Cognitive abilities are brain-based skills we need to carry out any task from the simplest to the most complex. They have more to do with the mechanisms of how we learn, remember, problem-solve, and pay attention rather than with any actual knowledge. For instance, answering the telephone involves at least: perception (hearing the ring tone), decision taking (answering or not), motor skill (lifting the receiver), language skills (talking and understanding language), social skills (interpreting tone of voice and interacting properly with another human being).
In the table below, you can browse through the main brain functions involved in cognition. You will also find brain teasers that will help you exercise the cognitive abilities described. Learn, and have fun!
|Cognitive Ability/Brain Function
Recognition and interpretation of sensory stimuli.
|Attention||Ability to sustain concentration on a particular object, action, or thought.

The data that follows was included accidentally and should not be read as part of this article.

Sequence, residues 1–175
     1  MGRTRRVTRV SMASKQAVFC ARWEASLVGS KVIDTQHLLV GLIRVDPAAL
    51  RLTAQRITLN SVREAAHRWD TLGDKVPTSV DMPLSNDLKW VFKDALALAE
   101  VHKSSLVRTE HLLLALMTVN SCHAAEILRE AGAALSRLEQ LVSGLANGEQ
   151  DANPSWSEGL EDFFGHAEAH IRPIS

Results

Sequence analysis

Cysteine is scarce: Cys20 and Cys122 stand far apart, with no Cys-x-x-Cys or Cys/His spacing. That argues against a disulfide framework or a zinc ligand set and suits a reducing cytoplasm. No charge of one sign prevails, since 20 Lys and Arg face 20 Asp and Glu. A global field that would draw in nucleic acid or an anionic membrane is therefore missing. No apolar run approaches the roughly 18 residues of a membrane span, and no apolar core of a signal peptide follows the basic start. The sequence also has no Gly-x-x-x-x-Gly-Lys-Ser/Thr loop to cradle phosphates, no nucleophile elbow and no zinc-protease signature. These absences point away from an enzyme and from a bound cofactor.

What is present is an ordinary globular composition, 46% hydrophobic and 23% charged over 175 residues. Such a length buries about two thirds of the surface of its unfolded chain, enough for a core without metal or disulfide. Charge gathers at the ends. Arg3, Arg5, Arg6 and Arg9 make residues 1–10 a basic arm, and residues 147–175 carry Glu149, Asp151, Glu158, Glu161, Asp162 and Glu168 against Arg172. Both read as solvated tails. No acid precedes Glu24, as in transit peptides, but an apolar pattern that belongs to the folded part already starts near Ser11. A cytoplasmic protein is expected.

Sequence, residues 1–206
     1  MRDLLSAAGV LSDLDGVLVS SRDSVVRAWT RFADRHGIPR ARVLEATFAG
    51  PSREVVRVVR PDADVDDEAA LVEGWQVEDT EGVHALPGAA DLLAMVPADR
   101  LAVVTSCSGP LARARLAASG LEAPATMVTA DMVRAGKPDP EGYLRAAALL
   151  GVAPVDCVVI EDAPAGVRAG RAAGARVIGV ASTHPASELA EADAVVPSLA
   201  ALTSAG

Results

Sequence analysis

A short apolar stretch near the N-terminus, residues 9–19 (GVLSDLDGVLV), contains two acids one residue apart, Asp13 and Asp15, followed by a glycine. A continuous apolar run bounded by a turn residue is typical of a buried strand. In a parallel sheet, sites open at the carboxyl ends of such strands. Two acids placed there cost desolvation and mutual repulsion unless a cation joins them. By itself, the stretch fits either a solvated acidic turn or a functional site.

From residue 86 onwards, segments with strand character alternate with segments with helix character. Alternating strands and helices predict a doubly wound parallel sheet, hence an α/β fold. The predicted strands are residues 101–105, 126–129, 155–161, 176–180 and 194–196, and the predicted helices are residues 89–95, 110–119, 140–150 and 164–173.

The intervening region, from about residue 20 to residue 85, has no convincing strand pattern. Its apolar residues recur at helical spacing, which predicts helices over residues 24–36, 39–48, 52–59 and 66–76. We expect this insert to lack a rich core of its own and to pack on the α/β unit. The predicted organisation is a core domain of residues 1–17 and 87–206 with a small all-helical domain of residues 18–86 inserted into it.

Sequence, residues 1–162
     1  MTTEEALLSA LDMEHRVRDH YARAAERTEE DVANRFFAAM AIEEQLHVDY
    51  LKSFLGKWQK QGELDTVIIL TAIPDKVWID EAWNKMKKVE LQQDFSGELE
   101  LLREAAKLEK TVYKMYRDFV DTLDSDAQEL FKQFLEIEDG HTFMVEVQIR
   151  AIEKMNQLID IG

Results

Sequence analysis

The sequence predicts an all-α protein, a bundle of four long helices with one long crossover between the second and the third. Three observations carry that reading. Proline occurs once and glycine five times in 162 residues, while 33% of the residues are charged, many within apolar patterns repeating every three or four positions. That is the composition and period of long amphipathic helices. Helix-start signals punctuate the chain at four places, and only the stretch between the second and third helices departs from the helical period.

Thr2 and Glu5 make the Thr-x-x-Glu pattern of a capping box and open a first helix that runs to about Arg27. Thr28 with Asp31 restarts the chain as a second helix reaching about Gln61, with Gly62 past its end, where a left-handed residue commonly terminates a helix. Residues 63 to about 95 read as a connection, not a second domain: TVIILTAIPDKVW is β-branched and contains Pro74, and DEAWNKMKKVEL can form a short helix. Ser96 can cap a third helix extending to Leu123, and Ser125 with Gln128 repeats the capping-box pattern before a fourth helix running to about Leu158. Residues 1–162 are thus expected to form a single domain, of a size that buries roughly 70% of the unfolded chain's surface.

Ability to manage competing demands in our environment.Brain challenges:
|Memory||Short-term/ working memory (limited storage).
Long-term memory (unlimited storage).Brain challenges:
|Motor||Ability to mobilize our muscles and bodies.
Ability to manipulate objects.Brain challenges:
|Language and Auditory Processing||Skills allowing us to differentiate and comprehend sounds and generate verbal output.Brain challenges:|
|Visual and Spatial Processing||Ability to process incoming visual stimuli.
Ability to visualize images and scenarios.Brain challenges:
|Executive Functions||Abilities that enable goal-oriented behavior, such as the ability to plan, and execute a goal. These include:
Flexibility: the capacity for quickly switching to the appropriate mental mode.
Theory of mind: insight into other people’s inner world, their plans, their likes and dislikes.
Anticipation: prediction based on pattern recognition.
Problem-solving: defining the problem in the right way to then generate solutions and pick the right one.
Decision making: the ability to make decisions based on problem-solving, on incomplete information and on emotions (ours and others’).
Working Memory: the capacity to hold and manipulate information “on-line” in real time.
Emotional self-regulation: the ability to identify and manage one’s own emotions for good performance.
Sequencing: the ability to break down complex actions into manageable units and prioritize them in the right order.
Inhibition: the ability to withstand distraction, and internal urges.
This online resource is based on book The SharpBrains Guide to Brain Fitness (April 2013; 284 pages), by Alvaro Fernandez and Dr. Elkhonon Goldberg.